The Fire on Beacon Hill, by Harry Jenkins is an emotional rollercoaster in a 50-minute bottle. The play centres around a group of girls reconnecting after a year apart at university and juggles light-hearted moments with the more uncomfortable and deep ones. The play has very promising parts, each section or motif working well on its own, but it falls slightly short as a coherent unit. Transitions between sections are jarring at points, as a result of quick and unexpected shifts in tone. It seems like it tries to cover a bit too much in a short period of time, which meant the climax of play does not have the build-up it needs or the time necessary to fulfil its potential.
The strength of the play lies in the honest and genuine writing, performed with a proficiency which made the language seem natural. This, combined with the intimate setting and simple lighting means it really feels like you are part of the group. All six of the actors really shine in their performances, each getting their moment. Francesca Hayden White and Daniella Frankal work particularly well together in setting up the mood and both perform their respective monologues with a remarkable integrity. Hayden White’s performance towards the end of the play is genuinely unsettling and succeeds in making me feel uncomfortable. Whilst Frankal performs best in her comedic moments, she also manages to counter that with her more serious dialogue, moving from one to another in a way which felt natural for her character.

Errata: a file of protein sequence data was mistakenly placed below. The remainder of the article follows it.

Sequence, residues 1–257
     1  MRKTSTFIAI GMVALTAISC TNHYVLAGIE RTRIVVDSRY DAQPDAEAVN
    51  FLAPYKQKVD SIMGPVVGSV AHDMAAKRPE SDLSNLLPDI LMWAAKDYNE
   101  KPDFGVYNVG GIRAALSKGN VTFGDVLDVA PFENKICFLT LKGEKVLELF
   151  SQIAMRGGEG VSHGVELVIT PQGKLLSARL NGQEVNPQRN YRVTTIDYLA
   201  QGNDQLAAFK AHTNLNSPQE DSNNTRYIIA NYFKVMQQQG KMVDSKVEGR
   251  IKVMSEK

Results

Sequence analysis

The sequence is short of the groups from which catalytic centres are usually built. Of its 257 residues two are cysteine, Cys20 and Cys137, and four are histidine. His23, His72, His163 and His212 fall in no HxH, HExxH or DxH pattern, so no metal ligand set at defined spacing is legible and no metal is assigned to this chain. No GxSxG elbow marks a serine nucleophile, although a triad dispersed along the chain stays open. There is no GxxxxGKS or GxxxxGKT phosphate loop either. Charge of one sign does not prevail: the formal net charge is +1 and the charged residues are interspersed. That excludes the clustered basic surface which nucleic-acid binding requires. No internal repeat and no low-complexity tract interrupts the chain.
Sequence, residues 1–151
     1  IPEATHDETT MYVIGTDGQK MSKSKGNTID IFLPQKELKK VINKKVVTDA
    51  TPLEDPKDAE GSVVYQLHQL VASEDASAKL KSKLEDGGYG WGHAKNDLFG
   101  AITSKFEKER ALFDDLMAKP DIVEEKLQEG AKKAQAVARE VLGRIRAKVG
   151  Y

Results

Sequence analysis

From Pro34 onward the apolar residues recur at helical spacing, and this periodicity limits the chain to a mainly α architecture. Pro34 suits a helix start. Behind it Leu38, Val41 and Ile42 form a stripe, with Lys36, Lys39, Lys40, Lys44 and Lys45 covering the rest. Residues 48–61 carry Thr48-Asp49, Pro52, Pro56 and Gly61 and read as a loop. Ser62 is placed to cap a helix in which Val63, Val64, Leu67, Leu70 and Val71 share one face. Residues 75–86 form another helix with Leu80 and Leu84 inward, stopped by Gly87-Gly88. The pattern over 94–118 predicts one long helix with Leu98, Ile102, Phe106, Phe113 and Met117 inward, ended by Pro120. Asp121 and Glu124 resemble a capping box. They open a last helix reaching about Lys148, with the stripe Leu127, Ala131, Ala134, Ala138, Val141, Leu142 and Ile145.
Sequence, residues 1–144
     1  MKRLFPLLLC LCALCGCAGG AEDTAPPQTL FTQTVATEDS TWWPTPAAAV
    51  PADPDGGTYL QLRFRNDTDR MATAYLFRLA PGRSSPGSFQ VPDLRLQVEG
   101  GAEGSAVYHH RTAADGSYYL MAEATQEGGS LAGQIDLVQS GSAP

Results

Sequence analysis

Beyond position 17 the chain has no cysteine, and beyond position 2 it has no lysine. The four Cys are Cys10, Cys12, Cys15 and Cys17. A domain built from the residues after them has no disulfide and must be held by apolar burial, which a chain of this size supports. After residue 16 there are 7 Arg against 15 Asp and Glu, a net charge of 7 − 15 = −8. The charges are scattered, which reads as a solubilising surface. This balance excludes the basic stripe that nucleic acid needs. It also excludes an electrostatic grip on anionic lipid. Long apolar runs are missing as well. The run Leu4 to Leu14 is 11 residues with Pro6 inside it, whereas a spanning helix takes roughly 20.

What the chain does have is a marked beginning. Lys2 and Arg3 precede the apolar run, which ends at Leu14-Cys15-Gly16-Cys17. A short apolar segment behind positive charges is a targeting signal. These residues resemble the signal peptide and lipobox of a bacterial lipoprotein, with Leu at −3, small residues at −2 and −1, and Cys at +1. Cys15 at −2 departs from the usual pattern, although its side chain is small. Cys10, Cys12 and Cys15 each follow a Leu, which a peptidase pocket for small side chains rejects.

The simplistic and stripped-back staging also really suits the play. It adds to the sense of intimacy it cultivates throughout the performance and means that the focus of the drama is always on the actor’s faces. The fire prop is really effective on its own to set the scene and frames the blocking of the actors well. The static nature of the play does mean that some parts tend to lag slightly and somewhat restricts the performance of the actors. However, during the moments when movement is used, it is an effective way of heightening the tension.
Although the play has an interesting concept which is not quite used to its full potential, it is still enjoyable, with the funny moments always hitting the mark and never failing to make me laugh.
The Fire on Beacon Hill is part of Durham Drama Festival. It will be performed as part of General Programme 2 at 7.30pm, Saturday 9th February in Caedmon Hall.